With the sudden popularity of “cash for gold” operations offering fast cash for scrap gold jewelry, everyone is anxiously digging through their jewelry boxes, hoping to discover a gold mine among their broken chains, mismatched earrings, and unwanted jewelry.
To the untrained eye, costume jewelry and solid gold jewelry may seem identical. Unfortunately, however, all that glitters isn’t gold, and many sellers are disappointed to learn that their jewelry is not worth what they had hoped. On the other hand, there are times when things that appear to be worthless are actually quite valuable, and could be cashed in for surprising amounts.
This brief guide is meant to help readers perform simple inspections of their jewelry to identify if it is potentially gold, and can be traded in for some much needed cash.
There are two types of jewelry: solid gold, and gold plated. “Solid gold” jewelry is not usually pure gold, however it is made by alloying varying percentages of gold with other metals. “Gold plated” jewelry is made by taking a piece of base metal, such as copper, and coating it with a thin layer of gold.
Gold plated jewelry is generally worthless in terms of precious metal value. Modern methods of plating apply an almost microscopic layer of high-karat gold to give jewelry a very shiny gold look, while they actually contain pennies worth of the precious metal. Plated jewelry will usually have a marking containing the letters “GF”, “GE”, “HGE”, “GP”, or “RGP.” An example of a typical gold plated stamp might be “18K HGE.”
You can also examine the item for discolorations or areas where plating has worn off to reveal the base metal underneath. These areas can usually be found on well worn pieces. Plated pieces that have not seen much wear are sometimes “too shiny”, and have a different tone than 10K and 14K jewelry seen in jewelry stores.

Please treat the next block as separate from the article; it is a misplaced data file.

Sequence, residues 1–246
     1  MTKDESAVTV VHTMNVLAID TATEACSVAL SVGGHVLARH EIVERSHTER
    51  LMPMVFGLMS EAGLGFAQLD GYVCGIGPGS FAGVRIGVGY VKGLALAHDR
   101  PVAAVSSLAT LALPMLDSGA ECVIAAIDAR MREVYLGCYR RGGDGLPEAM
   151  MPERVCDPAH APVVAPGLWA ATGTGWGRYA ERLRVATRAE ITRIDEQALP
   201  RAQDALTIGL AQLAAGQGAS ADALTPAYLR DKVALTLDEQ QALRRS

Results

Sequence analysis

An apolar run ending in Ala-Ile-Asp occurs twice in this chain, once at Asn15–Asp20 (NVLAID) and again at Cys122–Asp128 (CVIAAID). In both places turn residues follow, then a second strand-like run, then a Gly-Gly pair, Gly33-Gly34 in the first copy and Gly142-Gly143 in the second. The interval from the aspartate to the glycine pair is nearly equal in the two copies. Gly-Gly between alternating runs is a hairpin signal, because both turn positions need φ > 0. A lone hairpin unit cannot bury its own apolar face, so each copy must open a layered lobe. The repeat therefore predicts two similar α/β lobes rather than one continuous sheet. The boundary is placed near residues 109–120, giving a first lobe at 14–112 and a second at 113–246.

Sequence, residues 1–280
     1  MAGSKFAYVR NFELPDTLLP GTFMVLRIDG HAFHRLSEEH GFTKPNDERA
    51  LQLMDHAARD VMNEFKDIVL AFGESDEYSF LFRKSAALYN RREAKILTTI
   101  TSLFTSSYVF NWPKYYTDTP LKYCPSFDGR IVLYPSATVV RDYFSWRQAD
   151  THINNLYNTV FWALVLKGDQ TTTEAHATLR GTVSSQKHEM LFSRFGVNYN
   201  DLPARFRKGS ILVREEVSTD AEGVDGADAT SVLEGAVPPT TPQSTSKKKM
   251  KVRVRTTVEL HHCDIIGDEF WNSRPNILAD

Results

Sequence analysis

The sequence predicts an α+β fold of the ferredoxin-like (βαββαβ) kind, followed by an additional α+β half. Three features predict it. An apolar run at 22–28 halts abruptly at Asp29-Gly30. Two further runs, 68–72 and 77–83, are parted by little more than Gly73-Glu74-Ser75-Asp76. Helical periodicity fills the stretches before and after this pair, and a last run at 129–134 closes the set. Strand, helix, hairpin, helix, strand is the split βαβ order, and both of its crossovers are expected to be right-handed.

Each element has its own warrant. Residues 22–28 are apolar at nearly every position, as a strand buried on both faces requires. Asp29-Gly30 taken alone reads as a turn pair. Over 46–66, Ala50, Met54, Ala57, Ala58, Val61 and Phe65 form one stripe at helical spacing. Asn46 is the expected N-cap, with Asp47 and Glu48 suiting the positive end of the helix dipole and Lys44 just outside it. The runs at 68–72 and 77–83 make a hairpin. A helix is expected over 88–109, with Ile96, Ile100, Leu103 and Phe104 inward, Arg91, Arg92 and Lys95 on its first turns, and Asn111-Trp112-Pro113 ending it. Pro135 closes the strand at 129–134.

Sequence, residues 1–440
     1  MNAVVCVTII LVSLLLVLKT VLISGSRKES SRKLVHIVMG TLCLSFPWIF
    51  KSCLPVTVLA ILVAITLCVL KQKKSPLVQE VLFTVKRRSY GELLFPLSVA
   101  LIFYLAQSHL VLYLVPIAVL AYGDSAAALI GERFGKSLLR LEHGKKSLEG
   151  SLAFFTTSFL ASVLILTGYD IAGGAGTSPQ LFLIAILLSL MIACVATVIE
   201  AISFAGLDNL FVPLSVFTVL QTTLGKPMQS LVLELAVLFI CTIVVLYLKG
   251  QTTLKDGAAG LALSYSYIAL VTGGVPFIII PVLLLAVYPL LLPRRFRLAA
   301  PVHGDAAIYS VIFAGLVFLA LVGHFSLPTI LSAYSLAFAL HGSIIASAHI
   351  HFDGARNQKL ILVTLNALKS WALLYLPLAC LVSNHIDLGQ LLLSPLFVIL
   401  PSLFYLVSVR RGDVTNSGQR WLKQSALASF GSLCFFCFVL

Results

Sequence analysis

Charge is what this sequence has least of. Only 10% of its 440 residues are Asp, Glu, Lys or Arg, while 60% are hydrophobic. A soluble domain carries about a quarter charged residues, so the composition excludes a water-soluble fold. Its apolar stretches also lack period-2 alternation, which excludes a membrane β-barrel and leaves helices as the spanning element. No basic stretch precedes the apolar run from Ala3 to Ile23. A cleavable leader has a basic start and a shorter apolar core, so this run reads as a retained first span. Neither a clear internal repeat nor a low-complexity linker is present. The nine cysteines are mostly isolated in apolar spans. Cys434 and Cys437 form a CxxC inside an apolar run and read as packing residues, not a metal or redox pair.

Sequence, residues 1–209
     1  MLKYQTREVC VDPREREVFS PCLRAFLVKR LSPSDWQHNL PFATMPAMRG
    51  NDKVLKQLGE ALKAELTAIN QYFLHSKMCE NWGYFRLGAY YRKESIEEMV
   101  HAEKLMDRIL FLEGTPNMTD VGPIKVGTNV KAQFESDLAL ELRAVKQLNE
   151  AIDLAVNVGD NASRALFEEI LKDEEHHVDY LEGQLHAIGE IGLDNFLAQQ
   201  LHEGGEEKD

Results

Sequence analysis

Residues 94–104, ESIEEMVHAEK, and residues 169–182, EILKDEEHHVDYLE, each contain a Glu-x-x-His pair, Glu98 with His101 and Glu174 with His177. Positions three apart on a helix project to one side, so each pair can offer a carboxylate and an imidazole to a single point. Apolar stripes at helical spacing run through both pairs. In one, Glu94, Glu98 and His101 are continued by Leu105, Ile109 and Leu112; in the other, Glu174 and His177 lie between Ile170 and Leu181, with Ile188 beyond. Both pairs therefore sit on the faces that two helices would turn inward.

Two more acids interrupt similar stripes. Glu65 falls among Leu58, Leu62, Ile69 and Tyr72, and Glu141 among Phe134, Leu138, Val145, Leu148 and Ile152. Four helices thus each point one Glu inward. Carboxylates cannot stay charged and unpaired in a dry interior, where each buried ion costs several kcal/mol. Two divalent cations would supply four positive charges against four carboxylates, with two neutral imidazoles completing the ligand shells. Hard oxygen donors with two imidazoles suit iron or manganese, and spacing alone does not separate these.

Solid gold pieces will usually contain stamps as well. European jewelry manufacturers will often stamp pieces with the numbers “417”, “585”, or “750”, indicating 10K gold, 14K gold, and 18K gold, respectively. US jewelry makers will generally use “10K”, “14K”, and “18K” to indicate the same thing.
Authentic gold jewelry will be non-magnetic in almost all cases. If you have a strong magnet, try picking up your jewelry with it. The only time you should get a response is with chains, which often contain steel in the clasp, or a slim line of steel running through the body of the chain to stabilize it. Generally however, magnetic jewelry is not real gold.
Disreputable jewelers may sometimes stamp plated items and try to pass them off as real gold. These pieces, if well worn, will show discolorations where plating has rubbed off. They may also seem extremely light compared to other similarly sized gold pieces.
Some jewelry contains no marking at all. This is common with custom made pieces, foreign jewelry, and re-sized rings. Just because an item isn’t stamped, don’t throw it away – a gold buyer can determine its content with simple, non-destructive tests.
Without the benefit of chemical tests, jeweler’s loupes, and experience, it is sometimes difficult for the average person to determine if their jewelry is real. However, these simple guidelines will help you determine if you are sitting on a gold mine in your jewelry box.